Last month, news broke of thousands of children sexually abused by more than 300 Catholic priests across six dioceses in Pennsylvania. The report, rightfully so, has provoked disgust and outrage. But as the dust settles, an even more egregious reality becomes evident: Prosecutors have only been able to file criminal charges against two of the perpetrators. Even more disturbing, most of the survivors have lost their right to sue not only the perpetrator, but the institution as well.
The reason for this miscarriage of justice? Antiquated statute of limitations laws that prevent claimants over the age of 50 from making criminal allegations against their abusers. Similar laws prevent survivors over the age of 30 from filing civil charges. These laws as they stand leave very few victims able to seek redress for their suffering, suffering to which a statute of limitations does not apply. Without accountability, there can be no change.
To these survivors and their families, I say: There is hope.
Ten years ago, I was a deputy attorney general in Delaware working with a newly elected attorney general — Beau Biden — when we faced our own Catholic Church abuse scandal. At the time, Delaware had outdated statute of limitations laws. But the magnitude of the crimes uncovered shocked us all, and we were able to change our laws to lift the statute of limitations on crimes against children. We couldn't do it alone — we built a coalition including survivors, legislators, and community activists. The reform resulted in a wave of litigation involving more than a dozen priests and some 150 victims that led to a $70 million payout from the diocese and $50 million more from Catholic Orders. Its impact is still being felt: Just this year, a priest was charged for a 25-year-old rape based on Delaware's updated statute of limitations laws. I strongly urge state legislative action in Pennsylvania to allow the 1,000-plus victims to seek justice by retroactively lifting the statute of limitations that protects offenders, along with the individuals and institutions that harbored them.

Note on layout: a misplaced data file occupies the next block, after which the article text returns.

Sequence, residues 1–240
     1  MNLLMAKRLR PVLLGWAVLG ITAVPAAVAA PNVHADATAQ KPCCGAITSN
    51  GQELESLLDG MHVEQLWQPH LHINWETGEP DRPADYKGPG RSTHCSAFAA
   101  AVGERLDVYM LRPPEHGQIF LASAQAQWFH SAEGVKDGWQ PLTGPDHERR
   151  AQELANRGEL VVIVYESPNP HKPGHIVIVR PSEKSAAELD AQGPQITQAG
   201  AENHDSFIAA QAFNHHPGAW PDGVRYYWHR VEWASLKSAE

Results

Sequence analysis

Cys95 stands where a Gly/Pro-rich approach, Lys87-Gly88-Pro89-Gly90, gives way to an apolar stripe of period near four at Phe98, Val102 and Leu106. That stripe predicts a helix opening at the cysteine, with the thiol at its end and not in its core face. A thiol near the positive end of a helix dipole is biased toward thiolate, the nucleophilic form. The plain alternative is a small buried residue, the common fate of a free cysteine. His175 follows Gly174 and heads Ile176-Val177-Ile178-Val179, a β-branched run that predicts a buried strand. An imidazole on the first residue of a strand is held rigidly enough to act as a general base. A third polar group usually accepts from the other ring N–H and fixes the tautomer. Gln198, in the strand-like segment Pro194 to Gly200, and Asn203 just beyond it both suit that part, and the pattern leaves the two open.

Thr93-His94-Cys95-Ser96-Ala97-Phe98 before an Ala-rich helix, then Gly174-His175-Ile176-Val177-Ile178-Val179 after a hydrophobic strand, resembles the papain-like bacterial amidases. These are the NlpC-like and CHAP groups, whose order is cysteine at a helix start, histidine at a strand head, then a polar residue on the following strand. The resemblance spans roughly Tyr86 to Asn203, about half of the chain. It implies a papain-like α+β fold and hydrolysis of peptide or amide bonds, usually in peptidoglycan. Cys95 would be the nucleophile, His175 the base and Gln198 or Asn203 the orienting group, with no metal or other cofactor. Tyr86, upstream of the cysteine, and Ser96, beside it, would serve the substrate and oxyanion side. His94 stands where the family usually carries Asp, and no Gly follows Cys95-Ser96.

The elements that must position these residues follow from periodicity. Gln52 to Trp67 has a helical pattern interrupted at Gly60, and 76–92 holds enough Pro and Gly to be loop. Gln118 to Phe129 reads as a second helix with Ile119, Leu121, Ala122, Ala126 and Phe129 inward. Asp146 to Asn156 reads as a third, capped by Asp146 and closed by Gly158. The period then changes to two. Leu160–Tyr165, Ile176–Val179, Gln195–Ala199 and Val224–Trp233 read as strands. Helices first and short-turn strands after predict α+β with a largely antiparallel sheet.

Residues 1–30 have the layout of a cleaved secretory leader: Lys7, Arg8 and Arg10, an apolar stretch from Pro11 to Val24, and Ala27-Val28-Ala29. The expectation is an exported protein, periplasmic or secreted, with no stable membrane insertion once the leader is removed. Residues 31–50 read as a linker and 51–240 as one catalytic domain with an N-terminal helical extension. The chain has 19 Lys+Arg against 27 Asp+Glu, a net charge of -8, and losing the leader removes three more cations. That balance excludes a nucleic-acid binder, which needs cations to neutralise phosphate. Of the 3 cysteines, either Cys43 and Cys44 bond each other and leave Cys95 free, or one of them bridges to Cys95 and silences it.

We were profoundly impacted by the accounts of survivors. We were driven to ensure they found some measure of justice, and not just in Delaware — the Church regularly moved pedophile priests from community to community, from state to state. A priest could have abused children in multiple congregations across six or seven states over the course of their lifetime — do all of those survivors not deserve the same justice? The records involved in investigations of child abuse should, wherever possible, be released and thoroughly examined. We must be able to identify additional communities impacted by the Church's negligence.
This is not a Pennsylvania issue. This is a national issue. We cannot continue to reel from crisis to crisis, making small changes to laws in response to criminal activity. The time is now. Survivors need to know they will find justice, and that can only happen if they know they will be supported, protected, and believed.
While the shock of the heinous child sex abuse at the hands of hundreds of Catholic priests in Pennsylvania will never completely disappear, the statute of limitations protecting the perpetrators can and should.
Delaware did it; Pennsylvania has the opportunity to do it. So must all states. As Beau himself said, "We have seen the progress that can be made when society commits to shining a bright light on a crime like domestic violence, and we are seeing the beginning of what can be accomplished if we continue shining that bright light on child abuse."